Portia Miller adopted her beloved Shih Tzu Mercutio in 2007, following the murder of a close friend. When the dog was stolen from her St. Paul home in April 2013, she reported him missing to police and microchip company PetKey. Two years went by without a word. She thought he was gone for good.
Last Friday, Minneapolis Animal Control called. Officer Heather Vocke told Miller that Mercutio had suddenly turned up as a stray, and since he was registered to her via his microchip, all she needed to do was bring an ID to pick him up. Miller was ecstatic.
She went to Animal Control, but there she was told she couldn't take him home because other people had laid claim -- a family that adopted him sometime in the two years after she'd lost him. Shortly after, Animal Control awarded Mercutio to that family.
Miller was left wondering why she could not have her dog back even though she had adopted, registered, and microchipped him first. She called and emailed Animal Control asking the agency to explain how it determined custody. Animal Control stopped communicating with her.
Casper Hill, a city of Minneapolis spokesman, told City Pages that after Miller lost Mercutio, the dog turned up at the St. Paul Humane Society. The Humane Society kept Mercutio for five days, at which point the shelter put him up for adoption.
"Consulting with the City Attorney's Office, it was concluded that any dispute over the present ownership of the dog is a private legal matter," Hill says. "After a dog is in a shelter unclaimed for five days, the shelter has the legal right to dispose of that dog, which the St. Paul shelter decided to do through a pet adoption. From this, it was concluded that the owner who adopted the dog from the St. Paul shelter had the most current legal claim to the dog, and that the dog would be released to the custody of the most recent lawful owner."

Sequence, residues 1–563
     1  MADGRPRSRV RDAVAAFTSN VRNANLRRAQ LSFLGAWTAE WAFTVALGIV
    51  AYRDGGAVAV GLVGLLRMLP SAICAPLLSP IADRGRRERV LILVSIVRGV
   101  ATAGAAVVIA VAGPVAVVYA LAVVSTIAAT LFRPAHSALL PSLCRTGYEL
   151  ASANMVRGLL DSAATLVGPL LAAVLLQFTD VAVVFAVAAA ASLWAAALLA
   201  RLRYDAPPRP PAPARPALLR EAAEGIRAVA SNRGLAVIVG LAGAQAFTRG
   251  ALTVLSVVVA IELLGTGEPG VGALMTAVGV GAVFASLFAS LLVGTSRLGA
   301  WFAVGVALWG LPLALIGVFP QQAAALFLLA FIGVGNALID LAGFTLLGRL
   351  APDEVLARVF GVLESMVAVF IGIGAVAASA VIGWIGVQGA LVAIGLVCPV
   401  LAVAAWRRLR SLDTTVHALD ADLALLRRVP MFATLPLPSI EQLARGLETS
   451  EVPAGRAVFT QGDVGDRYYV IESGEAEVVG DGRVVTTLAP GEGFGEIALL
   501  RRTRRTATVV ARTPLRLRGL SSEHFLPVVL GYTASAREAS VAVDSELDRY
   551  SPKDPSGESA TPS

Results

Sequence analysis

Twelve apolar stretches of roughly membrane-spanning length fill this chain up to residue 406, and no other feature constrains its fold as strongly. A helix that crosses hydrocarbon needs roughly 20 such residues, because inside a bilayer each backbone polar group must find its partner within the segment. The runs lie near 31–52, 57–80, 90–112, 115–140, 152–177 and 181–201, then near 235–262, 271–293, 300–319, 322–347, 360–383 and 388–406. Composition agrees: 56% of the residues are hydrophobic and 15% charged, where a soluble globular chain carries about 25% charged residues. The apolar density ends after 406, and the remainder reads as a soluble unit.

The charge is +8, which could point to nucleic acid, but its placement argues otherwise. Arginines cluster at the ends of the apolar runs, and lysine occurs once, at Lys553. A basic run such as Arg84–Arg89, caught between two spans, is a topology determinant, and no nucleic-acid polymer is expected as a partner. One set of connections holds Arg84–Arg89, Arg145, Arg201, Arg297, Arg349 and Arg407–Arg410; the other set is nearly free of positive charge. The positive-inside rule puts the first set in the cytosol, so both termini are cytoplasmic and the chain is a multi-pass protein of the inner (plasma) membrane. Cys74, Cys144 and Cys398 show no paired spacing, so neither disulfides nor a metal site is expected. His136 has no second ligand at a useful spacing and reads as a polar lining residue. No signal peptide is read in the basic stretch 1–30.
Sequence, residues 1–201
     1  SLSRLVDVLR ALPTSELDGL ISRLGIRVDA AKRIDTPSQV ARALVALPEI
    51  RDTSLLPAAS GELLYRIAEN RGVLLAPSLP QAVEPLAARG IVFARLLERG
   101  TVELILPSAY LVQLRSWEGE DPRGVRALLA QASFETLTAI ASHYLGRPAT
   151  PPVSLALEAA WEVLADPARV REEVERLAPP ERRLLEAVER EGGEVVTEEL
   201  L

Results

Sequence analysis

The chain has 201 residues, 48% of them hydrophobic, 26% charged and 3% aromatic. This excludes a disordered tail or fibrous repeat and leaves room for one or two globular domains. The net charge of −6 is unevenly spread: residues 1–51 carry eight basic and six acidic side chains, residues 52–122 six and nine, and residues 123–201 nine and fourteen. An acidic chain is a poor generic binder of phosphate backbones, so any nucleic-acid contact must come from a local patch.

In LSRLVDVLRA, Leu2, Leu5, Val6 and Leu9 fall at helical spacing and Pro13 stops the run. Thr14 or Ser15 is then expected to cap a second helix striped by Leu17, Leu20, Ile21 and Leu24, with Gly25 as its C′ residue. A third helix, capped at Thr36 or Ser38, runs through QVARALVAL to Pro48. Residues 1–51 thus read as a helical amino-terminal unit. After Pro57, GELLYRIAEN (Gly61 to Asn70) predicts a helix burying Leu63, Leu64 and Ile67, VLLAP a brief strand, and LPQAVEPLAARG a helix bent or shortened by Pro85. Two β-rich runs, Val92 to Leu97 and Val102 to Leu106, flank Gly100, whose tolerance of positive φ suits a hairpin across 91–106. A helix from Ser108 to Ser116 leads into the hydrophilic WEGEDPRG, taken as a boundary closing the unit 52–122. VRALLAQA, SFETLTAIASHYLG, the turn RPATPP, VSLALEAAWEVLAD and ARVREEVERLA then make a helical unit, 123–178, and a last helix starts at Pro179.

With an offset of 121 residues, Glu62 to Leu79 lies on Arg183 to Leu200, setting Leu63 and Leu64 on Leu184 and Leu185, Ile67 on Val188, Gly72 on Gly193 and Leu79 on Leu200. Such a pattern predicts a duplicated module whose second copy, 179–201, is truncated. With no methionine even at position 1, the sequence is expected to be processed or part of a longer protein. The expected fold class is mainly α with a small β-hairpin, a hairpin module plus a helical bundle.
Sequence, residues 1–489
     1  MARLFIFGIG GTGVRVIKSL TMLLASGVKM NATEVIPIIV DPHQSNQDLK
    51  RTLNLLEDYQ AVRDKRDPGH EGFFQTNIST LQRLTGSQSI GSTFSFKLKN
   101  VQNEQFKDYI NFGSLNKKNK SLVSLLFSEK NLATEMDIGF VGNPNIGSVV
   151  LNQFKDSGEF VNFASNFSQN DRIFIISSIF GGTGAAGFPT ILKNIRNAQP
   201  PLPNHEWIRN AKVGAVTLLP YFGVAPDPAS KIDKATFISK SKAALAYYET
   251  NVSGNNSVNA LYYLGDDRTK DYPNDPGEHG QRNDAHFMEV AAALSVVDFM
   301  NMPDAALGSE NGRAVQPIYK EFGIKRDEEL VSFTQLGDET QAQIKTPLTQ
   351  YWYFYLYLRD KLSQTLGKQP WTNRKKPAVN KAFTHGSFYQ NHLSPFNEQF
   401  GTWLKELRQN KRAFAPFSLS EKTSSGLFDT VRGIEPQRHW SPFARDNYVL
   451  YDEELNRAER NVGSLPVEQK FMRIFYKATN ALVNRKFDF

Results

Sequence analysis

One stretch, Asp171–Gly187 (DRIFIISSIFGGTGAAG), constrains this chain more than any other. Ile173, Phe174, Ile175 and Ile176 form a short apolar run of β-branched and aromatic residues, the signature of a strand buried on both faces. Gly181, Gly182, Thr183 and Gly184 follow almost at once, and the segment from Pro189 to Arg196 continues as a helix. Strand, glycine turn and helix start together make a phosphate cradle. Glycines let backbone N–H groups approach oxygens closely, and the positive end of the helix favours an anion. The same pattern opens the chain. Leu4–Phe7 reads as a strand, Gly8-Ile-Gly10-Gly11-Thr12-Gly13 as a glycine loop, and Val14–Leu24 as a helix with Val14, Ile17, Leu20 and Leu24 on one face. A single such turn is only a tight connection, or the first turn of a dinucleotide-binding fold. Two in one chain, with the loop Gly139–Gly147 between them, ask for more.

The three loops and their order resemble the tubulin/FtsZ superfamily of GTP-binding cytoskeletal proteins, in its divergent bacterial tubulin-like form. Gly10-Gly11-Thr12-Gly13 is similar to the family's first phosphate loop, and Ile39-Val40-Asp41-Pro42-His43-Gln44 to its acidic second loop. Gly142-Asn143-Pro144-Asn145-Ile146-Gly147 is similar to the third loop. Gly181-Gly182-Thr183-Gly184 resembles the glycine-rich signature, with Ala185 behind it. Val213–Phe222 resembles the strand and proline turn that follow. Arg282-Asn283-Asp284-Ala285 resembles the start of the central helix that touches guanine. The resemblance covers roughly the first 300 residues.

But here's the sticking point. The St. Paul Humane Society never informed her when Mercutio was found the first time, Miller says.
"I had no idea. If I had been told where he was, I would have came and gotten him," she says. "The first time I heard that it was him, that he had been found somewhere, was when [Minneapolis] Animal Control called me last week."
The St. Paul Humane Society confirmed that Miller was never called.
However, it was an honest mistake that stemmed from a major flaw in the microchip industry, says spokesman Paul Sorenson.
There are at least 20 major microchip databases out there that keep pet registries. They're affiliated with different microchip manufacturers, but these databases don't communicate with each other. There's no master list, Sorenson says.
When Mercutio landed at St. Paul Humane Society, workers scanned his microchip and found his first owner, a woman preceding Miller who insisted she no longer wanted the dog. "In general, when we find an owner, that's the owner. At that point I think it was logical to assume that there was not another owner out there," Sorenson says.
"It's a huge flaw in the system and it's unfortunately one that isn't common enough that it gets a lot of attention. But when it happens, it's heartbreaking," he says. Sorenson has a cat and a dog, so he says he can sympathize with the emotional rollercoaster Miller is going through of losing her pet, finding out he's out there somewhere, but then being told she can't bring him home.
Miller hasn't decided yet whether she will retain an attorney. "This is an effort to take any steps, whether political or legal, to raise awareness on microchip mishaps as well as negligence, and to bring Mercutio back home to me," she posted on her Bring Mercutio Home Facebook page.
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